Studies show food tastes better when there are flowers on the table. Plus, it makes eating feel special (as it should). Maybe even light a candle or two if you’re feeling crazy.

4. Enjoy each bite.

Chew your food and enjoy the texture, flavors, and smells you are experiencing.

5. Savor the moment.

Appreciate that you are exactly where you are meant to be, doing exactly what you were meant to do. Be present. Enjoy where you are.

From Information to Action

This post has been on my mind since the inception of A Better Way Wellness. With fall around the corner and holidays on the horizon, the time to share is right.

I challenge you, savor eating today.

Make your next meal a special and enjoyable experience. Savor and appreciate where you are.

In health & happiness,

Skye's 5-Minute Fresh Blueberry Salad

Farmers Markets are in full swing right now.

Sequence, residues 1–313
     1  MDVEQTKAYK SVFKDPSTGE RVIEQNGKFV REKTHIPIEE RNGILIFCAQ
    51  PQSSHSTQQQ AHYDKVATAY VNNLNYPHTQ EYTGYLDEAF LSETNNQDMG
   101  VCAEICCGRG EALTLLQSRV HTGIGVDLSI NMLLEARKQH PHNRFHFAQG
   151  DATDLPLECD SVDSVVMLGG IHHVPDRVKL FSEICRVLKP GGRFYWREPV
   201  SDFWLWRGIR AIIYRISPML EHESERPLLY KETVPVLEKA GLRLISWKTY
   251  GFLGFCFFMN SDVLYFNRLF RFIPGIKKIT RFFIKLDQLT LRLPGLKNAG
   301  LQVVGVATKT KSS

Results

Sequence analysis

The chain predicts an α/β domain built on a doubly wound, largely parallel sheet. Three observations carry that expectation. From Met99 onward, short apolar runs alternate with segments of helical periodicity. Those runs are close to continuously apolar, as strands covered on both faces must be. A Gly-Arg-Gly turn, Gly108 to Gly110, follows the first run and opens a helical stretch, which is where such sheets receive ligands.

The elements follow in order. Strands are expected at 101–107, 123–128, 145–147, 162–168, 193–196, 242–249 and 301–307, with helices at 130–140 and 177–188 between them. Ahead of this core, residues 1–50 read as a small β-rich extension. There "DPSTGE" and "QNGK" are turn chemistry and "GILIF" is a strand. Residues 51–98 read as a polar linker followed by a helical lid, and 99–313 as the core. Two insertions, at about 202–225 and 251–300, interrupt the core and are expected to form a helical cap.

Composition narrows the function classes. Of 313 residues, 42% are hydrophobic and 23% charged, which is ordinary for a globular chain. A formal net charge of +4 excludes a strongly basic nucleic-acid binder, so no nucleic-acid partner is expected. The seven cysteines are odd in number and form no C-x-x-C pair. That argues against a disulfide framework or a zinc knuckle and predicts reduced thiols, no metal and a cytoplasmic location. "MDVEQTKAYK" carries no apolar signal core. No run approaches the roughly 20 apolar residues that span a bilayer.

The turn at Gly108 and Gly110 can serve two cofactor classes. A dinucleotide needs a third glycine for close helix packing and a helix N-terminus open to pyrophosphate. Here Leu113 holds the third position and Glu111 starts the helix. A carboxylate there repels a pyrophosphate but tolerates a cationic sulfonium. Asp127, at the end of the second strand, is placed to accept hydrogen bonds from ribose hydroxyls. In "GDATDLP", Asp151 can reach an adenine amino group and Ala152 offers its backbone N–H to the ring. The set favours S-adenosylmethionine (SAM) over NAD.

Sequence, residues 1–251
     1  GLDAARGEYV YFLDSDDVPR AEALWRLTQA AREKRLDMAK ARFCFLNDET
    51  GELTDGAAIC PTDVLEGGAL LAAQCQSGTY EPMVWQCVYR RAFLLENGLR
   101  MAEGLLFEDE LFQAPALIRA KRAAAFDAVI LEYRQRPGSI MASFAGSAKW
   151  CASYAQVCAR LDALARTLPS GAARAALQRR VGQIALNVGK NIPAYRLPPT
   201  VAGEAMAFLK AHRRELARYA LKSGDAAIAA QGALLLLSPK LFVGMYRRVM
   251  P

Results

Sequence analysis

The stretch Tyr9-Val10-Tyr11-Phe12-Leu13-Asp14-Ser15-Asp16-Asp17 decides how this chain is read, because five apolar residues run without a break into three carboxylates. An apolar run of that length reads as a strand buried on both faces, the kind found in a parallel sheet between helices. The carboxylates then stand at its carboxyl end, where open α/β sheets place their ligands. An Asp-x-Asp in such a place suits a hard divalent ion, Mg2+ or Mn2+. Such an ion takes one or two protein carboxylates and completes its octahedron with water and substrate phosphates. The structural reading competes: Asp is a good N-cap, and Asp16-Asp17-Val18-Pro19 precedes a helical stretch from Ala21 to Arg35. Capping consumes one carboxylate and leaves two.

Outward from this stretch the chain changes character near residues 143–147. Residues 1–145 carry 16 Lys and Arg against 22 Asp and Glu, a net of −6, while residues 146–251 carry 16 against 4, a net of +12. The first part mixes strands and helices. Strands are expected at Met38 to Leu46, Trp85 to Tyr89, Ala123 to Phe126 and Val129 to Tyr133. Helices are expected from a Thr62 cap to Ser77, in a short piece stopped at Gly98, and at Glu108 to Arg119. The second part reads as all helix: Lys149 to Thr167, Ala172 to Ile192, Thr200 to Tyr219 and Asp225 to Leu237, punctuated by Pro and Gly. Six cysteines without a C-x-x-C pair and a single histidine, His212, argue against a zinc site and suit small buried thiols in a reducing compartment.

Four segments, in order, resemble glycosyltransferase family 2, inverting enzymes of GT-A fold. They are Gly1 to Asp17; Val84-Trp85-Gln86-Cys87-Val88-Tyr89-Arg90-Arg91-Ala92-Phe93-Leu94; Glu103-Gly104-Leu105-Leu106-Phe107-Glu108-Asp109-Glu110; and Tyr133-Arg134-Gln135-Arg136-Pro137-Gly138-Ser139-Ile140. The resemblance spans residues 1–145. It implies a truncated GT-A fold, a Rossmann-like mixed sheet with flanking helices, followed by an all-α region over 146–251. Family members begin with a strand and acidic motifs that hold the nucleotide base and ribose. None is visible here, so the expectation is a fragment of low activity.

Which you know, I adore.

All the fresh produce, music, and sunshine — it’s completely my jam.

That’s why last week I shared the post Expert Farmers Market Shoppers Always Do These Things.

And to celebrate the season — and one of my favorite berries — I am sharing a wellness boosting Farmers Market salad.

I adore berries — especially blueberries. In season blueberries are tough to beat and are one of nature’s special treats – sweet, juicy, full of beneficial nutrients.

I have yet to meet someone who doesn’t care for a fresh and seasonal blueberry. Eat them plain as a light snack or dessert, add to smoothies for an extra boost, infuse them into lemonade for a summery refresher.

In terms of health benefits, blueberries are chock full -- anthocyanin, catechins, antioxidants (oh my!).

Remember my post on Eating Your Way to Calmness? Blueberries were featured.

And a great way to enjoy them is in freshly made salad!

This recipe was an unlikely discovery from a few years ago.